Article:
On that sunny morning, with a sixteen mile trip accomplished, stress-free, in under thirty minutes, that was a good feeling.

This afternoon, still plagued by the back pain that I wrote about earlier this week, I was of a mind to have another decent walk with Ollie. Once on the move, as long as I don’t stand still too long, and get a few sit-downs along the way, it is manageable. I headed off on the familiar route, away from the meadow, and towards the large pig-farm. The sun was warm on the exposed areas near the blackcurrant orchards. These small bushes do not shield you from the elements, and provide no shade. The light breeze was amplified by the longs stands of trees fringing the fields. If you closed your eyes, you might believe that it was the sound of water rushing by, and not many leaves rustling. I noticed an unusual amount of red and black butterflies. They lifted from the path in advance of my footfall, their wings intertwining with those of others, as they flew off towards the bushes. I was also aware of the number of bees around. Not only workers busy on the beds of violet-coloured weeds in the verges, but huge bumblebees, as noisy as tiny motorcycles, and as big as my thumbprint.

Approaching the tin sheds of the open-air pig farm, I looked for the appealing gangs of piglets. They are older now, and though still tiny, were preoccupying themselves with bothering the huge sows for milk. If they failed to get their own mother to rise from her slumbers, they scuttled off to bother another sow, being told off with smacks from a large snout. The farmer has bulldozed a veritable mountain of manure into one area, forming a construction similar to the compounds seen on the news in Afghanistan. The last rains have left a fetid lake inside this mound, and the combination of this, and the smell from the manure, has attracted a lot of small flies. I decided to push on, to the Rabbit Field, so Ollie could try to chase some bunnies. It was not living up to its name today though. No long-eared residents were visible, and I saw a bird of prey hovering above, which no doubt accounted for their absence. I decided to cross the Holt Road, and revisit a walk from last summer.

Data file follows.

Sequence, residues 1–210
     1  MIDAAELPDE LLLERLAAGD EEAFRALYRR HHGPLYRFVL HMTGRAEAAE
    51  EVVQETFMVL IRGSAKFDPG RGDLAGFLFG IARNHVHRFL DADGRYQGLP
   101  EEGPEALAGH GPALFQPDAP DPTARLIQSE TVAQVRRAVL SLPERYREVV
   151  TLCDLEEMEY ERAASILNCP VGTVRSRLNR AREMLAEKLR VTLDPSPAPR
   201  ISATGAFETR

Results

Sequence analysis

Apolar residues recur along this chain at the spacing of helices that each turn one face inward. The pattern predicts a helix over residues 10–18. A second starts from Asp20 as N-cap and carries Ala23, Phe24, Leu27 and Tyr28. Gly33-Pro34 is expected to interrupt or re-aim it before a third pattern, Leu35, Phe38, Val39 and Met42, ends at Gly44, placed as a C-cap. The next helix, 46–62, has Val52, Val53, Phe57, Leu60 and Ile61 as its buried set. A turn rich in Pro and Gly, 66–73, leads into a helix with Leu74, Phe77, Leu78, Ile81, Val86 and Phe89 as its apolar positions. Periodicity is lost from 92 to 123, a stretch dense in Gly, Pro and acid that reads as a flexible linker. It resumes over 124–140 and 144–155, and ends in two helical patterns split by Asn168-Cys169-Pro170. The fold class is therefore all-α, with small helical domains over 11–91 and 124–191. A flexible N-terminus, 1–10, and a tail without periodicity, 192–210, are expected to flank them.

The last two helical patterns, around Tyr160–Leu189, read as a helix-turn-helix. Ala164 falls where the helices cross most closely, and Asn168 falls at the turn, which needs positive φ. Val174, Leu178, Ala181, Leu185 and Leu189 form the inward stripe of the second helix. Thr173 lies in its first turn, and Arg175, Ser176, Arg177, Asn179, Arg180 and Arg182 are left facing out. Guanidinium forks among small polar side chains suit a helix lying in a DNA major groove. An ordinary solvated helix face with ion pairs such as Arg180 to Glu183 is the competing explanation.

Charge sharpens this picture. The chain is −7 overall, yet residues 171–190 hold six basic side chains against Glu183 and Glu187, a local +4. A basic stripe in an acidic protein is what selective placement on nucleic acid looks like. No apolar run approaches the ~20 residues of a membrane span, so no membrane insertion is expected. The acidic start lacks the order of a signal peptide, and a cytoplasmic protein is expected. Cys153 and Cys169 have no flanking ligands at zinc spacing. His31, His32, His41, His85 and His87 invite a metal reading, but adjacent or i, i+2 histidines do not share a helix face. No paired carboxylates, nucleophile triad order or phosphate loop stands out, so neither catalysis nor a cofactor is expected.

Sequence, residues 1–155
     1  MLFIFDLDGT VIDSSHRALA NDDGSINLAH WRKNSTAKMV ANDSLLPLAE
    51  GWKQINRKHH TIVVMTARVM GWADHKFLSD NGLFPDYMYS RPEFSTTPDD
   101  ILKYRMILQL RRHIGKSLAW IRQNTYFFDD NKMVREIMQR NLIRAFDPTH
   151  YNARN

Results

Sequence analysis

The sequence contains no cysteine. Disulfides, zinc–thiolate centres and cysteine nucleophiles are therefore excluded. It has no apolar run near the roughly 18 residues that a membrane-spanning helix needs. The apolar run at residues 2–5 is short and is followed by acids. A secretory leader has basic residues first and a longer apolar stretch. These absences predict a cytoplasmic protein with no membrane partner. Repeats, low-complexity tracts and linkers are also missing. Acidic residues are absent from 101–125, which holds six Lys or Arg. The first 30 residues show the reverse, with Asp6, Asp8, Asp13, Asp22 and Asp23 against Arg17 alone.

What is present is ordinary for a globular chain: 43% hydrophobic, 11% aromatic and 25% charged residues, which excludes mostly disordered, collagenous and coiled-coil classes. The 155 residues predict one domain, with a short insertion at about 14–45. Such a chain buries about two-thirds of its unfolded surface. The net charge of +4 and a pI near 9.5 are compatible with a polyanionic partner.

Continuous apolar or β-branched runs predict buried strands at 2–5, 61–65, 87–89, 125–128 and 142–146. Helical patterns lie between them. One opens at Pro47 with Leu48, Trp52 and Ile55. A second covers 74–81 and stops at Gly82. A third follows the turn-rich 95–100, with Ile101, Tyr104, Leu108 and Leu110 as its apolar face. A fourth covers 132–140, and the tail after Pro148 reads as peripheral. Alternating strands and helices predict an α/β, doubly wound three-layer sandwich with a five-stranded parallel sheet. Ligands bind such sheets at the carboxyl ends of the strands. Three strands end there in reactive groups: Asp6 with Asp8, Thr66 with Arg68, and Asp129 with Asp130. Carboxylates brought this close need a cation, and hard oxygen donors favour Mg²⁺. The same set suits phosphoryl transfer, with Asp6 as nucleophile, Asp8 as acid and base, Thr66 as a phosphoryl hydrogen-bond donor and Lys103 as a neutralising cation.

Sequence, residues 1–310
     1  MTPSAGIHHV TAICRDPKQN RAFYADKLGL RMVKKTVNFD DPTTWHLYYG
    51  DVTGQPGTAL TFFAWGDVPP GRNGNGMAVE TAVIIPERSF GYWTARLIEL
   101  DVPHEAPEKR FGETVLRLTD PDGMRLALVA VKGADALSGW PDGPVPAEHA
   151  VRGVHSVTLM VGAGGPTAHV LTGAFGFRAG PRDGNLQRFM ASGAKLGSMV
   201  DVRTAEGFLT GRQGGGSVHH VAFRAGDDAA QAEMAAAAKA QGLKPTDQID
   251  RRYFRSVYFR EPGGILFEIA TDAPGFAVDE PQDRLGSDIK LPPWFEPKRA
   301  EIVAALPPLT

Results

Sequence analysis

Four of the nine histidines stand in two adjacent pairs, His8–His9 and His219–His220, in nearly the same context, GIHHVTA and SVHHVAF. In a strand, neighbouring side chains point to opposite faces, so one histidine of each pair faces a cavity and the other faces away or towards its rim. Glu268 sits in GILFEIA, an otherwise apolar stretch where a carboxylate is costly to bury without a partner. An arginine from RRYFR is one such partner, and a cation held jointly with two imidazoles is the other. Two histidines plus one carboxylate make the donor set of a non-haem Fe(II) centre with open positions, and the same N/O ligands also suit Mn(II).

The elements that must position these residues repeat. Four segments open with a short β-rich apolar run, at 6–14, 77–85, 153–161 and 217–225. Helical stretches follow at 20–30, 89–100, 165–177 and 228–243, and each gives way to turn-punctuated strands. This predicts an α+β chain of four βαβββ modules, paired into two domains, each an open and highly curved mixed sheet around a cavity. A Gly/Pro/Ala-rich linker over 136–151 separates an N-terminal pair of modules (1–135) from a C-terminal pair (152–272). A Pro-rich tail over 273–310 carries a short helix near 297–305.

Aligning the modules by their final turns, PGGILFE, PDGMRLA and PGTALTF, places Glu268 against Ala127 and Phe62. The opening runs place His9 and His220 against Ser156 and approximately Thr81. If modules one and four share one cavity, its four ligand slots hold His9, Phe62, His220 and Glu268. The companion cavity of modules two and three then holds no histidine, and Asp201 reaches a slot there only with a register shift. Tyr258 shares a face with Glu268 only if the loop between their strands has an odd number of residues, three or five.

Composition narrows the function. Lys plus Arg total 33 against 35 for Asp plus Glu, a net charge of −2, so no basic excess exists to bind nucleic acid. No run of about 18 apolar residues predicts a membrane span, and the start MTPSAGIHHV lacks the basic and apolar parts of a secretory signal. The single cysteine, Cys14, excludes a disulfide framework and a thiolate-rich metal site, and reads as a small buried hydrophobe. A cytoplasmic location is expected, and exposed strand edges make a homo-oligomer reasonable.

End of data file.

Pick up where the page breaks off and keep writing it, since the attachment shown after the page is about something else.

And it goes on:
It proved to be a good decision. Entering the path behind Gingerbread Corner, at the rear of the pretty cottage that gives the junction its name, we soon saw lots of rabbits, both in the woodland, and on the fields to the left. Ollie was off, chasing enthusiastically, oblivious to the couple in the parked car, who had no doubt sought romantic seclusion. No sooner had Ollie lost the trail of one rabbit, another appeared, and he was off again. Around the bend in the path, we came across the ‘deserted’ farm. This group of buildings around a substantial farmhouse appear to have been abandoned. The barn roof is almost gone, and weeds grown inside the store-rooms. An old broken bath and toilet are dumped unceremoniously just inside the small barn, and the nearby field seems, to my untrained eye at least, to be untended. There are signs that someone might still live there though. Broken glass in a lean-to has been boarded with wood, and the grass on the drive approaching the house has been cut short. In two of the upper windows, curtains are fitted, and the wheelie bin contains refuse for collection. I cannot imagine living in such style, in a house and land with so much potential.